It is now approximately 305 days since former Makerere University researcher Dr. Stella Nyanzi was detention at Luzira prison for a Facebook post that was deemed offensive to the person of President Yoweri Museveni. It is the first cyber criminal offence in Uganda to undergo full trial for allegedly harassing the president online.
Her detention, subsequent trial and judgement day goes down in history of Uganda’s repressive digital rights landscape, as the state mounts flagrant attack on free speech online using the constitutional court contested section 25 of the Computer Misuse Act, 2011. Tens of Ugandans have either been incarcerated or interrogated at police’s Criminal Investigations Directorate (CID), Kibuli on charges of cyber harassment and Offensive Communication, contrary to section 25 of the Act. In a country where many people under the same charge have been granted bail after spending a couple of days in prison and others sought presidential pardon, Stella Nyanzi’s sacrifice for free expression online is remarkable.
Since 2015, over 60% of Ugandans arrested for offensive communication have allegedly “annoyed” the president, creating a strong impression that the law is a tool used to clampdown whoever challenges president Museveni online.
Feminist and Poetess Nyanzi is also renown for her social media activism regarding social justice. She was first arrested in March 2017 under the same charge for purportedly referring to Museveni as a “pair of buttocks,” and later granted bail in poor health condition after spending 33days in jail.
Photo By Nicholas Bamulanzeki
But before the file could be closed, Nyanzi was re-arrested over another Facebook post –under same law and charge (cyber harassment and offensive communication).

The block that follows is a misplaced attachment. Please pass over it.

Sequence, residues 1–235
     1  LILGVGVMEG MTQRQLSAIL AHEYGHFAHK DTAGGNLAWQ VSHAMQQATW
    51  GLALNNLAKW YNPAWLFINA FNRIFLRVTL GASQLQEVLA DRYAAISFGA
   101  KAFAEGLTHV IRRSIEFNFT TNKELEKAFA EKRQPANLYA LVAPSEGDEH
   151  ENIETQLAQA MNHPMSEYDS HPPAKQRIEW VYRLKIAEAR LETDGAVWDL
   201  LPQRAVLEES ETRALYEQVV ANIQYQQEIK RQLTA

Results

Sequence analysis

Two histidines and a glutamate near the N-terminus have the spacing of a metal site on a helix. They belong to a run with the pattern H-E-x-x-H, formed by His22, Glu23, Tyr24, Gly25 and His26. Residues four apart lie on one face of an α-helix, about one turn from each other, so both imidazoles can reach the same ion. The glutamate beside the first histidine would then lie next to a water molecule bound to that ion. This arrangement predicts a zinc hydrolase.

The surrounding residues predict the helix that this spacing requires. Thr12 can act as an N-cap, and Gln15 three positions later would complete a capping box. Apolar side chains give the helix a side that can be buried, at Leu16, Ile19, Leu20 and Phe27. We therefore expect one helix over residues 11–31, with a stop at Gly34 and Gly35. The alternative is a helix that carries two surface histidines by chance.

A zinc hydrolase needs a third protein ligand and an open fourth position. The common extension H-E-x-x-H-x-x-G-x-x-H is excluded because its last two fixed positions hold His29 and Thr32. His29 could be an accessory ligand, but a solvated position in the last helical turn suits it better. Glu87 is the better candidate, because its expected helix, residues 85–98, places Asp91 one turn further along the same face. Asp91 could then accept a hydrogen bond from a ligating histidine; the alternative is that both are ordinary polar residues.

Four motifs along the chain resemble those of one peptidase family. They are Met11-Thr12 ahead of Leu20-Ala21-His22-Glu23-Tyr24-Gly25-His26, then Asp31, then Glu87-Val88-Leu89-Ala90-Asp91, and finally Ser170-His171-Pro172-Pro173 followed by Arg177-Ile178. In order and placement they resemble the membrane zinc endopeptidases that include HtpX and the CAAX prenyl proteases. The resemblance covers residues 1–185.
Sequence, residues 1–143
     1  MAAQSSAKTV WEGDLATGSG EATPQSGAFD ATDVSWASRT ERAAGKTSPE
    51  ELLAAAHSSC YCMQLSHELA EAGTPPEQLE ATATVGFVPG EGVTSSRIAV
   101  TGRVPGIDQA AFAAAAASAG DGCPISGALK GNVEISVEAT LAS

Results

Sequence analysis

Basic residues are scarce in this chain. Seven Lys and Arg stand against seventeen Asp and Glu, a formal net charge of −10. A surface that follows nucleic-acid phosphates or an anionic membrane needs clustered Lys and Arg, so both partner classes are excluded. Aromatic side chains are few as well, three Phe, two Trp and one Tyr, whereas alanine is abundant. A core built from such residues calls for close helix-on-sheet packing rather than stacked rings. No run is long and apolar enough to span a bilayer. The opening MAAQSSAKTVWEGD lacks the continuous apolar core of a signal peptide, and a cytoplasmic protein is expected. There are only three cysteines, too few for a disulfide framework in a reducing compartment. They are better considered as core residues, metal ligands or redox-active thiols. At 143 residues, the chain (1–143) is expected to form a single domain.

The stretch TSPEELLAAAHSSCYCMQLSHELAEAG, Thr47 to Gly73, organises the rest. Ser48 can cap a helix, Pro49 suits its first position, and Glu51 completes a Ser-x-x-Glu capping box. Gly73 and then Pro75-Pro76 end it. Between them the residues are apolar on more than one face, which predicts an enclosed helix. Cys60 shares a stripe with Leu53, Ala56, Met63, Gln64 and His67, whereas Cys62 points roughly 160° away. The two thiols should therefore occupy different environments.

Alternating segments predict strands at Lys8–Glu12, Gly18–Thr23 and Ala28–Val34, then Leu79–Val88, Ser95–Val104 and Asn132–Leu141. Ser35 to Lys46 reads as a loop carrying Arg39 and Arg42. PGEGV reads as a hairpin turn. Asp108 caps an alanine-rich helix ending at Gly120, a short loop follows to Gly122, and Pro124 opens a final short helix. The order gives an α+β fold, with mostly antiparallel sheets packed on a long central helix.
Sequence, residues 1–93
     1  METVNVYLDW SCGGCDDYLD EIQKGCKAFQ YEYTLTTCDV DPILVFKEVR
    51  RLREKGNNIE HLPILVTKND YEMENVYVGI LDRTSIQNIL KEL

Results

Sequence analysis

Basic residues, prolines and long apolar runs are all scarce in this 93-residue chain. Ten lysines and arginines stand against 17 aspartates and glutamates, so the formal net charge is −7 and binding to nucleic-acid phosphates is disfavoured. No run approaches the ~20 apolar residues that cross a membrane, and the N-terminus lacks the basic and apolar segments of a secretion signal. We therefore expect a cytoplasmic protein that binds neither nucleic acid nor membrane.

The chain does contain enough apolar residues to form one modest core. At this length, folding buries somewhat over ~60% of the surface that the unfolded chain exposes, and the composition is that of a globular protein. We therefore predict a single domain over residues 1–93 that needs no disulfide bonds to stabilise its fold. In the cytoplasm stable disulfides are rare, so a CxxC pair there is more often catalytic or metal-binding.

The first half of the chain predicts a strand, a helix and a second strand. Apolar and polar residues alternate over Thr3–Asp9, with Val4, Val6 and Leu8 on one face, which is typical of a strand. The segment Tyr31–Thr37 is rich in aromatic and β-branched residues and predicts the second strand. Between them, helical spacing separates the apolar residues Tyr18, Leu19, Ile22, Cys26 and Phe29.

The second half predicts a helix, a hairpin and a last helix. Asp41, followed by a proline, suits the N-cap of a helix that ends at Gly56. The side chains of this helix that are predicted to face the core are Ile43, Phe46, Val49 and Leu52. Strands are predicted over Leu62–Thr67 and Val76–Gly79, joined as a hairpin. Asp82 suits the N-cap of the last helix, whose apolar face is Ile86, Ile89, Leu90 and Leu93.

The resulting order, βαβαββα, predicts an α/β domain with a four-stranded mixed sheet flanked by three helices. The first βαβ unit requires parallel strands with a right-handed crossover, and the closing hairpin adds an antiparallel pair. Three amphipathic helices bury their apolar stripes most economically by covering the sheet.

This time she vehemently declined bail offers choosing sacrifice for many internet users previously arrested and those who continue to be arrested under cyber harassment and offensive communication charges. The reason why Nyanzi wanted this trial to go on-no–matter -the -outcome was informed by state’s continued charging of several of its social media critics under various sections of the Computer Misuse Act, 2011.
Sacrificing her freedom for the wider internet community in Uganda, at one point the state made feeble attempts to have Nyanzi be subjected to mental examination under the colonial 1938 Mental Treatment Act, which was blocked by the Constitutional Court.
The trial has moved to different courts, early this week, her case was at the High Court for review after Nyanzi complained about the “bias” tendency exhibited by Grade 1 Magistrate Gladys Kamasanyu, a claim rejected by justice Jane Frances Abodo.
Indeed Nyanzi’s fears about Magistrate Kamasanyu played out well today as the Magistrate convicted her for cyber harassment with a sentence scheduled for tomorrow.